You've hit the perfect drive, but when you get to the ball, it is lying in a bad lie. In fact it's so bad you doubt you can even get the ball close to the green let alone on it. What you do not know is that with proper technique you can not only hit the green but you can get the ball close to the hole, whether your ball is in a divot, on a side-hill lie or in a sand trap. There are a few things you should remember, because your score will depend on them.
Take your shot with the ball farther back in the stance at address. With shots like these, it's important for you to make contact with the ball before you take a divot. Further, it is imperative that you hit the golf ball with more of a descending blow, and it is a lot easier to do both with the ball positioned closer to your back foot.
Move your hands down on the shaft by an inch or two at address when your ball is in a bad lie, because you'll find it easier to hit a shorter club. And because you have shortened the club, you will hit the ball less distance, so take a club or two more to make up for that. Since you are more than likely to hit a "punch shot" when you have a bad lie, concentrate on not breaking your wrists and end the shot with a low follow-through.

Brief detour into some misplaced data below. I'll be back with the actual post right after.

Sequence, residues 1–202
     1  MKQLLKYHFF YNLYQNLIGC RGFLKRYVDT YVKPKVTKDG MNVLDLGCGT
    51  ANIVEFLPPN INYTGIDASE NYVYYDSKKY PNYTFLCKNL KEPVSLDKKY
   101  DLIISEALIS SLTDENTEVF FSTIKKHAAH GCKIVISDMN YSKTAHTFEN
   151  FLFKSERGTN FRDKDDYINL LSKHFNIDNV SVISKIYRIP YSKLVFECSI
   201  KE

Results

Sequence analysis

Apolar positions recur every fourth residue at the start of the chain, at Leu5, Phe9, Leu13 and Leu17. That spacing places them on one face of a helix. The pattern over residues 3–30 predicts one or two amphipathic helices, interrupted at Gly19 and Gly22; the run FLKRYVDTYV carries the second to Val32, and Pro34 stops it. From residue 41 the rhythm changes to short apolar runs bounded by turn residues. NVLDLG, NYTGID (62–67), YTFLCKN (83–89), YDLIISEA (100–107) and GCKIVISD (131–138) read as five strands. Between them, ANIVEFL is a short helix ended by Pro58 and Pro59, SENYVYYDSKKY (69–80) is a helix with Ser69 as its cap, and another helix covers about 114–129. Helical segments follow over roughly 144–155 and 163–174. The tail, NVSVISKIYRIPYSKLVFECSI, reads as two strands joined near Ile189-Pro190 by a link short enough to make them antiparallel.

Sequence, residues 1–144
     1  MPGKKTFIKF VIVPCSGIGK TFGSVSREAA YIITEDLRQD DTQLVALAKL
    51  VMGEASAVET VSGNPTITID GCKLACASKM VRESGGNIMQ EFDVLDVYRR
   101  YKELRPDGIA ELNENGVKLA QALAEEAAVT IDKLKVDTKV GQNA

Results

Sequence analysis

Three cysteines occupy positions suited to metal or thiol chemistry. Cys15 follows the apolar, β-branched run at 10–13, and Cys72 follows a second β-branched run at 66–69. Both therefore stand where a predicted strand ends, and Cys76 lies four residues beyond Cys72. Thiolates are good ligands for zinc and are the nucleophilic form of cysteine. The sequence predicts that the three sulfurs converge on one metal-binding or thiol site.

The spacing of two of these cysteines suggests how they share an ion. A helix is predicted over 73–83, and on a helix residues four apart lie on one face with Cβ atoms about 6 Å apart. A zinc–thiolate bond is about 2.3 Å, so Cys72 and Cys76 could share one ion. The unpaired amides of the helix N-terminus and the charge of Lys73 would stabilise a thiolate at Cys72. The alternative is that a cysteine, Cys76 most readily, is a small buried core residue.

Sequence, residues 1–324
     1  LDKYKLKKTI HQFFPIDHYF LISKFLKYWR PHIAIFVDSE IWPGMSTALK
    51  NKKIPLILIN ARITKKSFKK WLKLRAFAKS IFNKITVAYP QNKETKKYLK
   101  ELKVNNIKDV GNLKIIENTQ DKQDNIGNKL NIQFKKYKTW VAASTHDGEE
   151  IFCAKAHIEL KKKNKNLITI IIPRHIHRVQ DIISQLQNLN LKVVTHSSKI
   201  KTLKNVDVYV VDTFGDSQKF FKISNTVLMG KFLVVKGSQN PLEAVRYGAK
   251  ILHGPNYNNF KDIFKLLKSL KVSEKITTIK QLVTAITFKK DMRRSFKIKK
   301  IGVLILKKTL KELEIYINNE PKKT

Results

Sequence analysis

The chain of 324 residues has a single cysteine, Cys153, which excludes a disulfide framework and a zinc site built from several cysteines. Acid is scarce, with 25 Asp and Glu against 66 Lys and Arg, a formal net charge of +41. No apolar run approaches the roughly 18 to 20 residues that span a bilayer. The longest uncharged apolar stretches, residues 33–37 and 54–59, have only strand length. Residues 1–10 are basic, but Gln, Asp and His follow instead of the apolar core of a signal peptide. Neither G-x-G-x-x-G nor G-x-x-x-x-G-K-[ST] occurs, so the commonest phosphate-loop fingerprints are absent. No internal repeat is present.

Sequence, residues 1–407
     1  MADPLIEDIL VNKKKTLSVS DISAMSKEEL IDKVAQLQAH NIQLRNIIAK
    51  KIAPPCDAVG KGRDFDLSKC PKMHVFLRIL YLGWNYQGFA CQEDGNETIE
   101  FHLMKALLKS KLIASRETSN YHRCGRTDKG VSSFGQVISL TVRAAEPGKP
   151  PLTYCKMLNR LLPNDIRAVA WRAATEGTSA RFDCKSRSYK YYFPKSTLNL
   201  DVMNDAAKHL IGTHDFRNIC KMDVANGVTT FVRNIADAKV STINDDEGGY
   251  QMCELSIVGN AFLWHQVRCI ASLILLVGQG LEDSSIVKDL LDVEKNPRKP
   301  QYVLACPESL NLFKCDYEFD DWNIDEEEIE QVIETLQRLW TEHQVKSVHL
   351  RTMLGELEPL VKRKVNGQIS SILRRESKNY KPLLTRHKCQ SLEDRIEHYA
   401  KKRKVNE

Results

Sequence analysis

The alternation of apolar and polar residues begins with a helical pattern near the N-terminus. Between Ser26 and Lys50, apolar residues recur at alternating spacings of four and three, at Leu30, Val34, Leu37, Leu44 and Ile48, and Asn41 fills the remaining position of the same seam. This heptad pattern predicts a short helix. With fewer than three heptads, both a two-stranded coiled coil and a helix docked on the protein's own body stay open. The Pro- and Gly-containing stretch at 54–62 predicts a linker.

Pay attention to the depth of the grass if your ball ends up in the rough. If the ball is sitting up, hit it as you normally would. But if it is down in the grass, move it farther back in your stance if your ball is in higher grass, because you will need to hit the ball with the steepest plane you can muster to get the ball up and out of the rough.
Keep the angle created by your wrists for as long as you can during your downswing, because you will need all the power you can muster to get the ball out of an extremely bad lie. Some golfers try to flip the ball out by breaking their wrists early in the downswing, which makes it more difficult both to get the ball up and to hit it the required distance.